- Utility companies that can embrace energy efficiency and conservation may benefit from a secular transition from coal and other traditional sources to renewable energy.
- Renewable energy, which includes wind and solar, is forecasted to grow from approximately 10% of energy generation today to nearly 40% in 2030.
- Energy storage, which increases reliability and availability of renewable energy, is another area of potential growth for the sector.
Anemic electric-power sales growth across the US, mainly due to a mostly solid domestic economy and structural shifts in energy efficiency and conservation, has resulted in modest earnings growth for most companies within the utilities sector. However, despite little organic growth across the sector, there are some notable secular changes that are poised to benefit certain utilities companies.
Most significantly, the transition of the power fleet from coal to renewable energy is propelling the sector into the "Golden Age of Renewables," stoking higher growth for companies embracing this secular shift. Coal-powered plants continue to close at a steady clip, while nuclear plants are also shutting down, albeit at a slower pace, as the economics and demand for renewables improve. As consumers have become more aware of the effects of climate change and are now beginning to prioritize cleaner energy, the buildout of renewable energy plants is accelerating at a record pace. Energy from wind and solar plants is becoming more and more accessible, as well as economically viable. Since 2008, renewable energy generation in the US has doubled.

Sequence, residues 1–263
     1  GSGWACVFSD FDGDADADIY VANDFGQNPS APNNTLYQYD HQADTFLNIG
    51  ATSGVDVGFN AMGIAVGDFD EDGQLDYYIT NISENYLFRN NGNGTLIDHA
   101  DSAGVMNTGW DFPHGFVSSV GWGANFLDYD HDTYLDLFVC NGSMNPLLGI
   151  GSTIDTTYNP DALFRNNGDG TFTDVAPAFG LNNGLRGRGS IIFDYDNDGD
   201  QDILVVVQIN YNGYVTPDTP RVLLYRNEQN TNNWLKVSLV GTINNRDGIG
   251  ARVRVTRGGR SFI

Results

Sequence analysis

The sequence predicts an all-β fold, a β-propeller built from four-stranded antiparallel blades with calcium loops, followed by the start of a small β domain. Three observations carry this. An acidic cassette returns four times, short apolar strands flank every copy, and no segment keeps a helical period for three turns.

In the next 10 years, renewable energy, which includes wind and solar, is forecasted to grow from approximately 10% of total US energy generation today to nearly 40% in 2030, mainly at the expense of coal, natural gas, and nuclear. Even though tax credits for developing renewable energy resources are expiring, advances in technology have made the renewable industry economic on its own. In fact, most wind and solar plants can be built in about a year and brought online much quicker than any new gas or nuclear plants. Additionally, given these favorable economics, as coal plants are retired, states are looking to renewable sources as replacements.
While renewable energy plants continue to gain traction, renewable energy storage is another potential area of growth within the utilities sector. Currently, there is not enough storage capacity to house all of the energy that renewables are generating. Storage capacity, which increases reliability and availability, will need to increase substantially to meet the dramatic projected growth in renewables.
With the increased adoption of renewable energy generation, the earnings growth of the utilities industry is positioned to expand at a higher rate than the sector historically has seen. Federal and state regulation remains supportive, as governments continue to encourage companies to invest in renewable energy, and the public appears willing to pay for these more economically sound and greener options.
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